Tonight, we’re off to a launch!
A.S. Patrić, an alumni of Busybird’s short story anthologies 13 Stories and [untitled] issue 2, and author of Black Rock, White City – the winner of the 2016 Miles Franklin – will be launching his new book, Atlantic Black.
Set on an ocean liner, the Aquitania, Atlantic Black tells the story of seventeen-year-old Katerina Klova, who must navigate Aquitania and the guests and crew aboard after her mother suffers a psychotic breakdown. We were privileged to read an advance copy, and it’s a stunning and haunting book. Set over a single day leading into New Year’s Eve 1939, you can feel how painstakingly Patrić has crafted every paragraph, sculpted every sentence, and handpicked every word.
This is something a lot of people – especially people who aren’t writers, or aren’t in any way involved in the writing industry – don’t understand: writing takes a lot of work. Most wouldn’t think so. Most would believe it’s a case of sitting at the keyboard, spilling out your imagination (and that process is apparently immediate), and then having a book at the end of it. There. Done. No problem. No revision. No editing. Nothing like that. The book emerges fully formed.
Let’s do some basic maths – and here, I’m going to err generously on the side of the uninitiated.
A novel might, on average, be 80,000 words.
A writer might, on average, pound out 500 words per half hour (and this is extremely generous).
80,000 / 500 = 160.
That’s 160 hours a writer needs to produce a book.
Let’s break this down further: most writers would have a life going on outside their writing – they may be married and have kids, and on top of that they may be working a full-time job; even if they’re single, they’re likely to be working or studying. Everybody has commitments – professional, personal, and familial.
Hypothetically, this person might wake at 7.00am, go through their morning routine (breakfast, showering, etc.), then get to work around 9.00. Even desk jobs sitting at a computer are tiring – for some, they can be even more tiring, because they’re occupying the same physical space they would as a writer. They work until 5.00, and might not get home until almost 6.00. They then have to make dinner and wash up, so are on the go until 7.00. The evening for the writer with kids will be brimming with responsibilities like homework, dinner, washing up, etc. – depending on the age of the kids, they might need to be supervised. The single writer has more space, but will have their own demands. Whatever the circumstances, at some point, the writer will have to sit down and write.
Let me backstep again to qualify this is erring so generously on everything going right – from how much time they have available to write, to how many words the writer produces, to what they write being usable – that it’s fantastical. Because things don’t go right. The writer might have not slept well, they might have had a tough day at work, unforeseen problems might crop up that take their time and attention. Any of a number of things can happen to derail their efforts to write. And yet they still have to do it. On top of all this, how good is what they’re writing? It might be terrible. It might need revision. It might not fit and have to be discarded. It’s a constant grind of trying to get it all just good enough to finish the damned thing, and then move to the next stage – revision.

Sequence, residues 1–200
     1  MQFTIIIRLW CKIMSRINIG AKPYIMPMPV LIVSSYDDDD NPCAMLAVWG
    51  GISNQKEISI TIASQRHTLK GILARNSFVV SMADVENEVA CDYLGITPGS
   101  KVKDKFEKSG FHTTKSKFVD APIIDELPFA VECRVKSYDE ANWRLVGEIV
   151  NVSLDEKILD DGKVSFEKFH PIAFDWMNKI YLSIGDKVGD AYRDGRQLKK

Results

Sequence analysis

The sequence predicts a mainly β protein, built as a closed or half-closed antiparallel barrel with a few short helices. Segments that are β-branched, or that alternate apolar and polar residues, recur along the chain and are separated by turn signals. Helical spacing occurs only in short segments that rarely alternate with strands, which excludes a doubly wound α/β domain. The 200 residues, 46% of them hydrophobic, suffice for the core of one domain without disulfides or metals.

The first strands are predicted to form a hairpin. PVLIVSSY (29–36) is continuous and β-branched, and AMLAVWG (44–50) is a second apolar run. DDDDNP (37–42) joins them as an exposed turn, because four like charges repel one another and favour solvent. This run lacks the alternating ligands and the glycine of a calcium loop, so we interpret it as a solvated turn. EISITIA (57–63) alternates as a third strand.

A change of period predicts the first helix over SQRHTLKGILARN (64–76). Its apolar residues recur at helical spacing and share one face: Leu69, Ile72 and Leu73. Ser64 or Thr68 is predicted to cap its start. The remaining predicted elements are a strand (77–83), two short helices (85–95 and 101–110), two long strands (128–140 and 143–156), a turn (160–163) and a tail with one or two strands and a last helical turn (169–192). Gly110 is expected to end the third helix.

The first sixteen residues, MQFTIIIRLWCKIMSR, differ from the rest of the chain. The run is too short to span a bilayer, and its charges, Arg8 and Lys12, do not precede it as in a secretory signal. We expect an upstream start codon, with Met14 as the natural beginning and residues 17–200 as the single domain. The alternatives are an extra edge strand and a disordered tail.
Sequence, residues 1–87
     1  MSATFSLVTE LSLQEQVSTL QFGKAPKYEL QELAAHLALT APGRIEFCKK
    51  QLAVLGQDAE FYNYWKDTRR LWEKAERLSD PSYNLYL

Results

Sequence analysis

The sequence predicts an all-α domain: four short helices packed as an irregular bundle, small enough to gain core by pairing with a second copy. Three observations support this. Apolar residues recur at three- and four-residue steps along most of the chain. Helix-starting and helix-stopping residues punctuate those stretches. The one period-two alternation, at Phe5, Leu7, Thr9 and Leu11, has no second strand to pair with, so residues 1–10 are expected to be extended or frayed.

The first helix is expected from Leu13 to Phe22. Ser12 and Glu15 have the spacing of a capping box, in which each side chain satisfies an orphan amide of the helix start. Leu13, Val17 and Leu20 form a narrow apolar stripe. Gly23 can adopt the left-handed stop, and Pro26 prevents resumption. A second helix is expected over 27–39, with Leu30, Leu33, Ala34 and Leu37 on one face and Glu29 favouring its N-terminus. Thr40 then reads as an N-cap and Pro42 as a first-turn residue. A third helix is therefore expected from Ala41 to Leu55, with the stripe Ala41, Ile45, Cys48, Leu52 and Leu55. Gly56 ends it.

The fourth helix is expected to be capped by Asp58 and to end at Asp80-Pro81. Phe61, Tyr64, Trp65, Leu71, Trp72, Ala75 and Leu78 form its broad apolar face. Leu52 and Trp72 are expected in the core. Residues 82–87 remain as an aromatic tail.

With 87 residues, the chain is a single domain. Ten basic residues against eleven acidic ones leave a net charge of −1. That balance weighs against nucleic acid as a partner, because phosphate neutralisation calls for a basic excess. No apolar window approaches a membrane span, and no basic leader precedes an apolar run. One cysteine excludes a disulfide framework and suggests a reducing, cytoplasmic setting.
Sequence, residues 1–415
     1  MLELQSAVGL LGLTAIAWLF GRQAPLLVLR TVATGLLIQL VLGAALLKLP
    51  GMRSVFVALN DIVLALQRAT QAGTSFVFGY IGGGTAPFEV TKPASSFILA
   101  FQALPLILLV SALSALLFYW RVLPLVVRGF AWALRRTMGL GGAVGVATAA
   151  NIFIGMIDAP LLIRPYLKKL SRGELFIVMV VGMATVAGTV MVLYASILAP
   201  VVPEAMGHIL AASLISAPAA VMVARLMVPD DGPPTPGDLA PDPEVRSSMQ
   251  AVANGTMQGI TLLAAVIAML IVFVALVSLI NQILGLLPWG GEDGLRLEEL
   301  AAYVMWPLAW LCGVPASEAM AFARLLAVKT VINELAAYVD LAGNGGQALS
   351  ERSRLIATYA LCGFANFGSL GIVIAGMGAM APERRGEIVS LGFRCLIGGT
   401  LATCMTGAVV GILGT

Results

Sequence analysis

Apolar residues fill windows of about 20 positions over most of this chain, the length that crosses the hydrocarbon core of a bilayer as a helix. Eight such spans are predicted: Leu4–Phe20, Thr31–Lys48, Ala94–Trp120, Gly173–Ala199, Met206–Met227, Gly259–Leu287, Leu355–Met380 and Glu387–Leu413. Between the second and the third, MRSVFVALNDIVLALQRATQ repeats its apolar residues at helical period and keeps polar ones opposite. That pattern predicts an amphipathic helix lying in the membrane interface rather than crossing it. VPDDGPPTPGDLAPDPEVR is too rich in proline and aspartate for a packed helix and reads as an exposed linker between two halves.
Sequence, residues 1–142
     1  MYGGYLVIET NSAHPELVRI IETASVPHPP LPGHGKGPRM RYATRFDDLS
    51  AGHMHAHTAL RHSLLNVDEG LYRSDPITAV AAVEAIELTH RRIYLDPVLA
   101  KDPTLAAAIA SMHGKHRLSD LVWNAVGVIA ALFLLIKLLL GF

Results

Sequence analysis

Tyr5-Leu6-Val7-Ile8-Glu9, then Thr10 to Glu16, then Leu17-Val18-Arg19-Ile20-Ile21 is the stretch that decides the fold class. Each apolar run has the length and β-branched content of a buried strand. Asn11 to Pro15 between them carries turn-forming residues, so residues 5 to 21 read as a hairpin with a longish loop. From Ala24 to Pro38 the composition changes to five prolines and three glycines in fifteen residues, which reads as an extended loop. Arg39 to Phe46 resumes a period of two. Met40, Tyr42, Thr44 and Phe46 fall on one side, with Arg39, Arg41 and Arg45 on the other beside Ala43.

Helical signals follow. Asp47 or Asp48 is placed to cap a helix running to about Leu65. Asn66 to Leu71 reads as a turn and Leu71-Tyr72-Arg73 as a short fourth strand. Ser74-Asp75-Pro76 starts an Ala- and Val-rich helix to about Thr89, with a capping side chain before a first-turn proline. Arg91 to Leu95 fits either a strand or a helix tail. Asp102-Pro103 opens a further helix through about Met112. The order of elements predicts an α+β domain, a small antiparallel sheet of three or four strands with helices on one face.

Writers will revise extensively. They might have readers who provide feedback on early drafts. More revision follows. If they’re submitting to publishers, they need to prepare synopsises and cover letters – and most writers struggle with diluting their writing into one-page form. If they have a publishing contract, they’ll have structural and then copyediting feedback to attend. Another 80 hours isn’t unrealistic (and, again, errs generously on the side of things going right).
It’s a lot of work, trying to realise a vision their imagination has provided, and articulate it in a way that’ll make sense (i.e. produce a suspension of disbelief), create the universe their story occupies, and engage a reader. And you’ll never please everybody – that’s reality. Just check Goodreads and see the way ratings fluctuate. Most writers who’ve been at their craft for years are wracked with insecurity, knowing everything that could be wrong or could go wrong with their book. They’ll strive to eliminate all those potentialities, yet will obsess over how well they’ve done.
Writing is hard. Anybody who thinks it’s easy doesn’t understand what’s required. Or they’re an idiot. Either way, they don’t appreciate writing as a practice and the work that goes into it. Kudos to those who seriously pursue the undertaking. Even more plaudits to those who finish something.
This is why launches are important – they’re a way to celebrate all that labour and commerorate a book’s arrival into the world.
If you’re in attendance, or follow a writer’s page, let them know how much you appreciate the work they put in.
It’s not easy. It’s never easy. And it should be lauded.